I think it often rises naturally from the way language is used in the places my fiction is set, and the way the people I write about communicate. We retained the syntax and inversions and tendency towards high drama and obfuscation and hyperbole of the Irish language in rural Ireland, and overlaid it to spectacular effect on our English. We speak in stories, and we play and joke and exaggerate and lie in nearly every sentence, and it's beautiful and sometimes frustrating and often unintentionally hilarious way of connecting with other people.
Melody seems to define herself through the past and present relationships - with Mary, her husband Pat, her father, her unborn baby, Martin Toppy, her late mother, her school friend Breedie. Do you think, by the end of the novel, she has broken free of this need, and can finally live on her own terms?
Melody seems at times to have no idea who she is, as trite as that sounds, but to be involved in a kind of ongoing revelatory process. She says at one point, "Oh, me, oh cruel, cruel, me, I never knew myself. Tomorrow, I'll have forgotten myself again."
She needs to experience certain things to get a grasp of her own identity: she forgets the extent of her tenderness towards her father and her ability to subvert her sense of duty until she sees him trying to hide his pain from her; she only remembers the easy pleasure of close friendship when she meets Mary Crothery.
Melody has spent years in a purgatorial state, not allowing herself happiness, wilfully deconstructing her marriage and her life; she's almost triumphant when she finds out about Pat's wrongdoing. She does little to half her slide towards her brief, intense affair with Martin; it's as though she wants to burn in the heat of it.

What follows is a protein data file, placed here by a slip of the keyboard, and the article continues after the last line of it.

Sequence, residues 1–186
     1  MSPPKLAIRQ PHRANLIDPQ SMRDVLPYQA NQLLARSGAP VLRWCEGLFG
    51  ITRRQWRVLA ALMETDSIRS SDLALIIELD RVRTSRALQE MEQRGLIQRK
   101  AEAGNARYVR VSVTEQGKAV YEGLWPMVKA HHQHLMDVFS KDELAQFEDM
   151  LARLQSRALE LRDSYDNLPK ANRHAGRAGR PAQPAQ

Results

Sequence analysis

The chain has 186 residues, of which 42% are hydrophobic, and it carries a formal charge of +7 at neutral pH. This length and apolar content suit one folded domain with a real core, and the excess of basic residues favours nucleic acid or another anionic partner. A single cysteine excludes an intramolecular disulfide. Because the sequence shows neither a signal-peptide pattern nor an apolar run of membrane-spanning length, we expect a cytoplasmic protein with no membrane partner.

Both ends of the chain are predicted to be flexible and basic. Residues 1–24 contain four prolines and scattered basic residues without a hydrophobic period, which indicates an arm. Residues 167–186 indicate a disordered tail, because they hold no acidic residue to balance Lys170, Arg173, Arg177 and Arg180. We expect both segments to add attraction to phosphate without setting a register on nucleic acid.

I think she's allowed herself a measure of peace by the end, having inflicted near-terminal pain on herself. She shouldn't need to do this, but she feels an inexorability about events, that the mad confluence of violence and death and birth was 'Brailed in dots of light against the black' and that she's been offered a chance by the universe to expunge her guilt. I hope it's apparent that this is a happy ending for Melody, a hopeful one, that she's sure of the rightness of her actions, or as sure as anyone can ever be.
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‘Martin Toppy is the son of a famous Traveller and the father of my unborn child. He’s seventeen, I'm thirty-three. I was his teacher. I’d have killed myself by now if I was brave enough. I don’t think it would hurt the baby. His little heart would stop with mine. He wouldn't feel himself leaving one world of darkness for another, his spirit untangling itself from me.’
Melody Shee is alone and in trouble. Her husband doesn't take her news too well. She doesn't want to tell her father yet because he’s a good man and this could break him. She’s trying to stay in the moment, but the future is looming – larger by the day – while the past won’t let her go. What she did to Breedie Flynn all those years ago still haunts her.
It’s a good thing that she meets Mary Crothery when she does. Mary is a young Traveller woman, and she knows more about Melody than she lets on. She might just save Melody’s life.
Donal Ryan’s new novel is breathtaking, vivid, moving and redemptive.